Tuesday, November 30, 2010
Liar, Liar - How I Lost 4 Pounds in 3 Weeks
Screw that! No way was I going to accept all the B.S. about aging that I was being fed every day. I cleansed five or six times a year, I worked out like an Olympian, and was stronger and fitter than I was when I was 30. So why should I have to weigh more, especially if I was working harder, than I did 20 years ago? Sorry, I wasn't about to take this lying down.
I turned to my eating habits for a solution. And for the first time I was completely honest about them. I'd been kidding myself for a long time, convinced that I had my calorie count under control. But the truth is I was lying to myself. As I used up my daily calorie allotment, I'd let things slide. I wouldn't count the 1/4 avocado I put on my tofu burger. Or the oil-based giardiniera sauce I put on just about everything I put in my mouth. I didn't count the oil I used for cooking. Nor did I count the Veganaise or Earth Balance vegan butter I ate almost daily. And when I ate cashews I never stopped at seven - the accepted serving size - my serving size was more like 20.
And I conveniently forgot that just because tofu is healthier than meat, or vegan butter is better for me than real butter doesn't mean they're lower in calories. Even the healthy stuff can be fattening. The foods I just listed add up to about 500 calories - 500 calories I didn't count each day! And if I continued to ignore them, eventually they'd demand my attention - by making my pants tighter. It takes about 3500 calories to put on a pound and at my rate I was set up to GAIN a pound each week!
Lying to myself hadn't done me a bit of good. I'd been working out - hard. I had the muscle tone to show for it but it was hiding behind that last five pounds of insulation that I hadn't been able to shed. All my hard work was hidden behind my lies.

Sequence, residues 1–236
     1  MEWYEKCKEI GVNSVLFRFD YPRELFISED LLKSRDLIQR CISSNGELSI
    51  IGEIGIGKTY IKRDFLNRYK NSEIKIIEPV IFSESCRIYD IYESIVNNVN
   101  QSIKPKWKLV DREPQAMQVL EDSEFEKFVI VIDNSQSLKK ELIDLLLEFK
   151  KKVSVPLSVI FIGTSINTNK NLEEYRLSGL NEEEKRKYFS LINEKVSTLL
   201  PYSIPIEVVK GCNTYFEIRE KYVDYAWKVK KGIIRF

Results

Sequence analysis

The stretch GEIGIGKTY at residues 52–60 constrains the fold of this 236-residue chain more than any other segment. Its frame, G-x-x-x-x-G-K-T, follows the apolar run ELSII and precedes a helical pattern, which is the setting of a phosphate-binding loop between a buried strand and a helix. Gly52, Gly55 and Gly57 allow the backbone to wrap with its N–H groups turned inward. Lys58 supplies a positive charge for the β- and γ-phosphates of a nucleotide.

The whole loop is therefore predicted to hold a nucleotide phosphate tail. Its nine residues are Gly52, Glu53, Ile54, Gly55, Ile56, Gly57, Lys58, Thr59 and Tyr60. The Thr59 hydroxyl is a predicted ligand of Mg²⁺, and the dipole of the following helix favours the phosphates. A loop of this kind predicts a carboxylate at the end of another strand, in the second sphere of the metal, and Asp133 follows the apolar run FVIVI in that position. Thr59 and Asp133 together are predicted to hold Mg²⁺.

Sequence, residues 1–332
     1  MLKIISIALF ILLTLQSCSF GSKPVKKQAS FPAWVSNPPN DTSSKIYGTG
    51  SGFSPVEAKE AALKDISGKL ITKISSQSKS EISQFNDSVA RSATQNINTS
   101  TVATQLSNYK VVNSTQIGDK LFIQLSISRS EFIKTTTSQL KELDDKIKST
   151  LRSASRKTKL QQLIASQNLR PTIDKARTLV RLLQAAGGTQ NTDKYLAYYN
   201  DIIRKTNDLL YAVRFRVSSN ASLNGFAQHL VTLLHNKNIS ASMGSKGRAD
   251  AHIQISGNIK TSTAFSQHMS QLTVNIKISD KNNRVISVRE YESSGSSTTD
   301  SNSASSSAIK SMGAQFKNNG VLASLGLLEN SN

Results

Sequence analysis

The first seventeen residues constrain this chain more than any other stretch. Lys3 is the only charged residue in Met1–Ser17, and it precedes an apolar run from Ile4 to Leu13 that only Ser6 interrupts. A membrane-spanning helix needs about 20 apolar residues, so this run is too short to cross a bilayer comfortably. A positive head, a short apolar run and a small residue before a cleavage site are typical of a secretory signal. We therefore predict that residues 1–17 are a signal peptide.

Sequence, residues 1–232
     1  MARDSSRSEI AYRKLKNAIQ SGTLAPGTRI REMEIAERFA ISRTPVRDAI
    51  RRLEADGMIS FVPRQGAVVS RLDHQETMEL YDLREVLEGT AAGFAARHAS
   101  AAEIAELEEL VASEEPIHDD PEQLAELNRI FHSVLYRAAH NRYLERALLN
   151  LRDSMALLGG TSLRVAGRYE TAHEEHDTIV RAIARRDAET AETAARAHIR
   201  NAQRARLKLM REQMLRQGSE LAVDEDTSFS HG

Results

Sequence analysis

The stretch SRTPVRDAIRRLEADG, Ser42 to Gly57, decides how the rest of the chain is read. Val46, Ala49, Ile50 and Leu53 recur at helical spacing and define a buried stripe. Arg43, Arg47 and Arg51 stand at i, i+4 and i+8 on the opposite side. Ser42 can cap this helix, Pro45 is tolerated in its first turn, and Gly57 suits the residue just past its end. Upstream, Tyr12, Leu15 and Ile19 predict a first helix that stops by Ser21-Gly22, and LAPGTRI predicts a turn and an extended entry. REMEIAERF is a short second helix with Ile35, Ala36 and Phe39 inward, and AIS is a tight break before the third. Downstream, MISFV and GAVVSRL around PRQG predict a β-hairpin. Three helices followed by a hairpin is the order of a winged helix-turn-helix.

So I promised myself that I'd be honest about what I put in my mouth. I devised an eating plan that balanced my daily intake of protein, fiber, fats, carbs and calories. And I created a spreadsheet with a list of the foods I'd eat for breakfast, a morning snack, lunch, an afternoon snack, and dinner. Each day I'd check each food item off after I'd eaten it. I know it sounds a little - well, a lot - anal, but it's really been helping. After three weeks I've lost four pounds.
Now I can see where I am on my caloric timeline for the day and spread out the foods so they last throughout the day. And by referring to the list over the course of the day I can see that I'm not going to go hungry. And I'm not mindlessly (or sneakily) popping handfuls of cashews into my mouth or having an extra spoonful of brown rice as I clean up the kitchen. After I've eaten everything on my list I'm done. And I know my body has everything it needs.
Telling the truth about my eating habits wasn't easy, but once I did it, I was able to address - and solve - my problem. The truth is not an accusation - it's a statement of fact. And if you approach any problem from a factual basis you can be efficient and effective. You face the issue, come up with a solution, and then implement the action to reach that solution. I faced the fact that I was eating too many calories without accounting for them, I reassessed my caloric intake, and I began losing the weight I wanted to lose. How simple is that?!
It's never too late to learn a lesson. And I learned that the truth doesn't have to hurt - in fact, once you face it, it can be of invaluable help.